Farm profitability: Take a good look at these 6 numbers
Today’s dairy producers have a wealth of data at their fingertips. Details for health, reproduction, feedings and inventories just scratch the surface of the numbers that can be generated from farm data. One of the biggest challenges is what to do with all this information.
Dairy producers ask, “What do these numbers mean? How can I make the most of them?”
In 2007, a study by Compeer Financial and Zoetis collected financial and production data from farms in the Midwest to understand what factors affect net profitability of dairy farms. Throughout the next 11 years, this data was compiled and analyzed to determine that six factors, now coined “Six Dairy Financial Drivers,” account for 85% of the variation in farm profitability.
- Somatic cell count (SCC) is a great indicator of herd health and had the greatest correlation with net herd profitability. I’ve heard Zoetis team members mention it’s the one metric they always look at because of how highly correlated it is with other production and financial metrics. The difference in profitability between herds with low (132,000) and high (264,000) SCC was $159 per cow per year. Higher SCC is correlated with lower energy-corrected milk and pregnancy rate, and higher death loss and days open.
- Energy-corrected milk (ECM): Especially in today’s markets, it is important to have high milk production and high components. As ECM increased, pregnancy rate increased while death loss and SCC decreased. Higher profitability herds averaged 92.7 pounds of ECM per cow per day while lower profitability herds averaged 72.7 pounds of ECM per cow per day for a difference in profitability of $192 per cow per year.
- Death loss is also highly correlated with net herd profitability. As death loss increased, ECM decreased while SCC and net herd replacement costs increased. Thinking through that, animals that die not only lose cull value, but also cost the farm money to be disposed of and to be replaced with a younger animal. Lower profitability herds averaged 10% death loss annually, while higher profitability herds averaged 4.3%. This difference in profit was $138 per cow per year.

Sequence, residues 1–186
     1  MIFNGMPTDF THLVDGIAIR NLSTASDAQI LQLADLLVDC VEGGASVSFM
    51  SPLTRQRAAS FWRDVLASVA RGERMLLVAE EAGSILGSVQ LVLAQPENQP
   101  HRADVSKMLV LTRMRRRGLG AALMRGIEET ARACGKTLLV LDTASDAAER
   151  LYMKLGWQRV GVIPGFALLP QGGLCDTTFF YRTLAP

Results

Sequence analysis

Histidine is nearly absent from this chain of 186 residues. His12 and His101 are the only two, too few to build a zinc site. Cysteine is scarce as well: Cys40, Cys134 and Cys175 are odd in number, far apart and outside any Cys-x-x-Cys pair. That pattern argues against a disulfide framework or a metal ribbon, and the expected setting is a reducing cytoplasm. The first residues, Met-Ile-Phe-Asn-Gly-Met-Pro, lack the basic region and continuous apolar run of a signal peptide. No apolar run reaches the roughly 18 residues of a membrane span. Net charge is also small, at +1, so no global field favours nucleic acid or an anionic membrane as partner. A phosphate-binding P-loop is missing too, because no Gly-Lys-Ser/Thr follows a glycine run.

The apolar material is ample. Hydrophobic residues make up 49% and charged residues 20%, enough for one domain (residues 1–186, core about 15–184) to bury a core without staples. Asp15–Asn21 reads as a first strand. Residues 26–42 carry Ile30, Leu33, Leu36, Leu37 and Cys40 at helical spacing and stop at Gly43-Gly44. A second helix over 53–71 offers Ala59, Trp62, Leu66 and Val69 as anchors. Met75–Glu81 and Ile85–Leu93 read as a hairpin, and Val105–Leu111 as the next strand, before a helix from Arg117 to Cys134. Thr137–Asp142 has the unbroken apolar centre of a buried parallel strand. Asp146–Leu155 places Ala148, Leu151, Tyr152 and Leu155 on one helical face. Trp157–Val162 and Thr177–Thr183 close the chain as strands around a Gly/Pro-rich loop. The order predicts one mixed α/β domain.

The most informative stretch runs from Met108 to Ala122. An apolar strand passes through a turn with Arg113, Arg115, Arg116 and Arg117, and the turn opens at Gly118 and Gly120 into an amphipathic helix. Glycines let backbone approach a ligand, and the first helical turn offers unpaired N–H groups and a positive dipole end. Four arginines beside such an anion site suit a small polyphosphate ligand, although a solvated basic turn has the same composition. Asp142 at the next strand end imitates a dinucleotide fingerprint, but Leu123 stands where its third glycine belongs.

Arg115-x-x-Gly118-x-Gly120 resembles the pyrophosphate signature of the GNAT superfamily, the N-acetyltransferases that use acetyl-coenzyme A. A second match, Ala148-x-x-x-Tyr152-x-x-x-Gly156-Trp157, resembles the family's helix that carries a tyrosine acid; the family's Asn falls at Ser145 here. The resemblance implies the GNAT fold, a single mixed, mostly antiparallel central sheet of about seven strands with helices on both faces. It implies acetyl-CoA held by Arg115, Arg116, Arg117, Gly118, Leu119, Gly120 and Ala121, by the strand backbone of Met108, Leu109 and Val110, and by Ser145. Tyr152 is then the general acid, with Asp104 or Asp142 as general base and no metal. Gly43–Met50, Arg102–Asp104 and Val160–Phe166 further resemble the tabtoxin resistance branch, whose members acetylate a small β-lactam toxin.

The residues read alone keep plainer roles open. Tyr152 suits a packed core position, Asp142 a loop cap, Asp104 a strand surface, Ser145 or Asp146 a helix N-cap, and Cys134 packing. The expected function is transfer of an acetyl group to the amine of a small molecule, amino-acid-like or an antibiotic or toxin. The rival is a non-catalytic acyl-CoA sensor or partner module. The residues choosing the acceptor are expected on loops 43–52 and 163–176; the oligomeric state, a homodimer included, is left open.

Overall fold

- Pregnancy rate: As pregnancy rate on farms increased, SCC and days open decreased, while ECM increased. Higher profitability herds averaged 27% pregnancy rate while the lower profitability herds averaged 18% pregnancy rate. The difference in profitability was $144 per cow per year.
- Net herd replacement cost is defined as the difference between replacement cow value and average book value of dead and sold cull cows. Looking closer at this, is turnover high and do we have a lot of younger animals coming into the herd that don’t make up for the lost production? As net herd replacement cost increased, so did ECM, SCC and death loss. Lower profitability herds averaged $1.91 per cwt of ECM going toward replacement costs, while higher profitability herds averaged $0.91 per cwt ECM, and this difference in profitability is $376 per cow per year.
- Heifer survival rate is defined as, if a heifer calf is born alive, what are the chances she makes it into the milking herd? Losing young animals is correlated with net farm profitability. Higher profitability herds averages 95% heifer survivability, while lower profit herds averaged 91% heifer survivability.
Looking at these profitability drivers, as well as other farm production records analysis, your Vita Plus consultant can work with you to benchmark your farm, set goals, and focus on profitability. We have tools to assist your decision-making and establish actionable management items to quickly and positively impact farm profitability.
About the author: Marin Western is a Vita Plus dairy specialist in central Michigan. She earned her bachelor’s degree in animal science and agribusiness management at Michigan State University. She continued there to earn her master’s degree in dairy nutrition through the Vita Plus Dairy Nutrition and Management Fellowship. Part of her fellowship research focused on dairy cow production responses to different fat supplements. As an undergraduate student, Western worked at a Vita Plus intern and performed research focused on the critical analysis of bacteria and various spoilage agents in forages.
Business and economics
Milk production and components
Technology and data management